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Daily News Editorial

By Staff | May 24, 2008

This Monday is more than just another day off. It’s the day set aside for Memorial Day observances, a time to honor our war dead and others who have left us.

Traditionally, Memorial Day was observed on May 30, and while many veterans understandably still hold that day as hallowed, most people observe Memorial Day activities and events this coming Monday.

General John Logan, national commander of the Grand Army of the Republic, officially proclaimed Memorial Day in the United States on May 30, 1868, when flowers were placed on the graves of Union and Confederate soldiers at Arlington National Cemetery.

New York was the first state to officially recognize the holiday in 1873 and by 1890 all the northern states recognized the holiday.

Today, nearly every state celebrates Memorial Day while some southern states have a separate day for honoring Confederate war dead: Jan. 19 in Texas; April 26 in Alabama, Florida, Georgia, and Mississippi; May 10 in South Carolina; and June 3, Jefferson Davis’ birthday, in Louisiana and Tennessee.

We are now in an era in which many, if not most, of our World War II veterans have passed away. Sadly, their heroism was often not recognized because they would simply have none of that. They simply did what they had to do in order to save civilization.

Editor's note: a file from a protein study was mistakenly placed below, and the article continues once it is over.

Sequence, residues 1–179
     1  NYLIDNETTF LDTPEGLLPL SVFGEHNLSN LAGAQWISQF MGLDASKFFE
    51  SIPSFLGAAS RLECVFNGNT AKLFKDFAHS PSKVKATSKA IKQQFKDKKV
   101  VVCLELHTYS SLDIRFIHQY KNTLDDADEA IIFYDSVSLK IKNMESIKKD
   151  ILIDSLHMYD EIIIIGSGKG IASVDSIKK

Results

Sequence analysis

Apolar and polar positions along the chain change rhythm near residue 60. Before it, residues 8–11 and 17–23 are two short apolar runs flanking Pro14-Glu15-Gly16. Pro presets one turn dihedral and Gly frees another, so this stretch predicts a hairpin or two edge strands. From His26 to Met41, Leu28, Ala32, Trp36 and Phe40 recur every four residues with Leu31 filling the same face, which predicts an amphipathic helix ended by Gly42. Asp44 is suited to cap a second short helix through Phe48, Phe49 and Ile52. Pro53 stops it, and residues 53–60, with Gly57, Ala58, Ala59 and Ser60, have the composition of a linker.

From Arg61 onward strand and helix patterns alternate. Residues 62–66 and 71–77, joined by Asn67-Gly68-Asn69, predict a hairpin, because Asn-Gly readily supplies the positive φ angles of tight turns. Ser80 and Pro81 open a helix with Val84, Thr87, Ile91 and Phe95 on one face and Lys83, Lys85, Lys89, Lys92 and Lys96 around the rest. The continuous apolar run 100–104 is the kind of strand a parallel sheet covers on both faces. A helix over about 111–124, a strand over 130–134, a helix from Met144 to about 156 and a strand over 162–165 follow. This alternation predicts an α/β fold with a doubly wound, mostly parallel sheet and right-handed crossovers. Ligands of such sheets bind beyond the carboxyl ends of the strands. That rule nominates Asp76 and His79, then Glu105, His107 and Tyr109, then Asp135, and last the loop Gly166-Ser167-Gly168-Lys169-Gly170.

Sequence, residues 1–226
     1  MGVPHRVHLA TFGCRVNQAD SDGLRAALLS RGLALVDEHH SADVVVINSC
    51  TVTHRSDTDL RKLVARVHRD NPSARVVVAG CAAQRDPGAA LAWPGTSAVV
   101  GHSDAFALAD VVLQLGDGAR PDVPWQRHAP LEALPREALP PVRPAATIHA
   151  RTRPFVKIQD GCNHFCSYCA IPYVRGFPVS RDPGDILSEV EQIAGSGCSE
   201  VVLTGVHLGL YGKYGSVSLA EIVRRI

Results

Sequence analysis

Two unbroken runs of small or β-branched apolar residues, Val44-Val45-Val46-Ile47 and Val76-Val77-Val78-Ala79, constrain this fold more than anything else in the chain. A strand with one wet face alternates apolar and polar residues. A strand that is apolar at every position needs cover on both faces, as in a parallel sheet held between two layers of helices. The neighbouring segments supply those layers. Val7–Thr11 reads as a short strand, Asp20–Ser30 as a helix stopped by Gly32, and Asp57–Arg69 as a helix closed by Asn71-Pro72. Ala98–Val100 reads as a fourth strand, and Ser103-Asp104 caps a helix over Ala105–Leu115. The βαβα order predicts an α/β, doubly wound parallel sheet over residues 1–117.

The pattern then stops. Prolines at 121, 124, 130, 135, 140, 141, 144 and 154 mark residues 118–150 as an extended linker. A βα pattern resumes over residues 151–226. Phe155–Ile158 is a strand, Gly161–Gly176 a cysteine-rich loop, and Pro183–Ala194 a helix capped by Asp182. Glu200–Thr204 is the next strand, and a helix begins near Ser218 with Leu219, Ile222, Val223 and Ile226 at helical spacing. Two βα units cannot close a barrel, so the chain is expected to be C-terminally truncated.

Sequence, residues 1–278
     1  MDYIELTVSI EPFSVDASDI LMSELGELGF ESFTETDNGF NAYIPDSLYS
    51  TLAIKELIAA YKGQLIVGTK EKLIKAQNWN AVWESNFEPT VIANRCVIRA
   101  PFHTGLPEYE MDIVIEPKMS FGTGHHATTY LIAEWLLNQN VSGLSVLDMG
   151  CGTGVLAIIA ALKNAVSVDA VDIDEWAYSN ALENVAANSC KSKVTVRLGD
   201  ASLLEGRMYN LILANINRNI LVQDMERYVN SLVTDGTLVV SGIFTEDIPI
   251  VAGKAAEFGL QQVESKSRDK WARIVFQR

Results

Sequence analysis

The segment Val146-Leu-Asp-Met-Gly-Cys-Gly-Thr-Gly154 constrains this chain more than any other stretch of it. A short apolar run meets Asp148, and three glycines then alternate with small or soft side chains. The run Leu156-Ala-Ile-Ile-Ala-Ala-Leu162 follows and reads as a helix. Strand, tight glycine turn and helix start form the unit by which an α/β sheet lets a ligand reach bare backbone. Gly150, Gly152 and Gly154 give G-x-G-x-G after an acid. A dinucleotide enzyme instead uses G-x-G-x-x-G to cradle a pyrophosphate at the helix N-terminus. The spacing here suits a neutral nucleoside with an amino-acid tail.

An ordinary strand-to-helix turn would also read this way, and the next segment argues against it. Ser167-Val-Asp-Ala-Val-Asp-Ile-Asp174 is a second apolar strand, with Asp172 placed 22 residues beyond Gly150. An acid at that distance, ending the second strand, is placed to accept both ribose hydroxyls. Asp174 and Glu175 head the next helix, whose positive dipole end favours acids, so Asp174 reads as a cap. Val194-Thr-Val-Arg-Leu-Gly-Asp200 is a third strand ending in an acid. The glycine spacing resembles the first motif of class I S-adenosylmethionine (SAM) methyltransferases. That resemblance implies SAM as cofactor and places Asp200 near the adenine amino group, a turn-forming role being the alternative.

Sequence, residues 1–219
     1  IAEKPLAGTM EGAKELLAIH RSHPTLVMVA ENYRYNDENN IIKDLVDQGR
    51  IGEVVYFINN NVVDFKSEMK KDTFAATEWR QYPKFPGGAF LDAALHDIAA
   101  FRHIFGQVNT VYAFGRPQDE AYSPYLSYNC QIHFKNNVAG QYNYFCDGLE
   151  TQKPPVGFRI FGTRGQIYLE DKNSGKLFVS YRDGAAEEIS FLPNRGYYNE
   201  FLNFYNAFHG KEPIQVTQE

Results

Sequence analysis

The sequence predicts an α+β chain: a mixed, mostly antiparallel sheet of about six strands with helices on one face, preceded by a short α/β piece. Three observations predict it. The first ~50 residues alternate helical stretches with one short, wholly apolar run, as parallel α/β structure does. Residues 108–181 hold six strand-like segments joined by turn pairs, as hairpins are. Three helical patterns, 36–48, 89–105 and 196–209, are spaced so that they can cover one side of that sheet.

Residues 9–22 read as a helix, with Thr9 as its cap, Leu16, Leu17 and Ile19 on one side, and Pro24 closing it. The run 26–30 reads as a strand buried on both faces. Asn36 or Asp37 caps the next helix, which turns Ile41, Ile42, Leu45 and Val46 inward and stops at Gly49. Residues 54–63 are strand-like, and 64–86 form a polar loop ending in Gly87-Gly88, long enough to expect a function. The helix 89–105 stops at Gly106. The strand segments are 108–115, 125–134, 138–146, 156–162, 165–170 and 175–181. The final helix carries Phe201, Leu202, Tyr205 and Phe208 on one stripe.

A front-page newspaper story toward the end of World War II had a photograph of Estherville with white crosses on the homes where a son or husband or father had been killed or was missing in action. There were many.

Estherville was not alone, though. Many communities throughout Iowa, the Midwest, and the nation were hit hard by their losses in the war.

More wars came. Korea, Vietnam, and now Afghanistan and Iraq where Americans lay their lives down every day to offer others the same freedoms that we enjoy.

Unfortunately, there are those who do not want their people to be free. Rather than give their people the freedom to think and realize how despotic their leaders are, they turn them against us. But we are lucky enough to have servicemen and servicewomen who are willing to give their lives to see that others may some day know what freedom truly is.

That is why we celebrate Memorial Day. Not to have a picnic or another day off, but to honor those who have served in the past, serve today, and who will continue to serve in the future.

So honor them, and recognize that they are all that stands between us and despotism.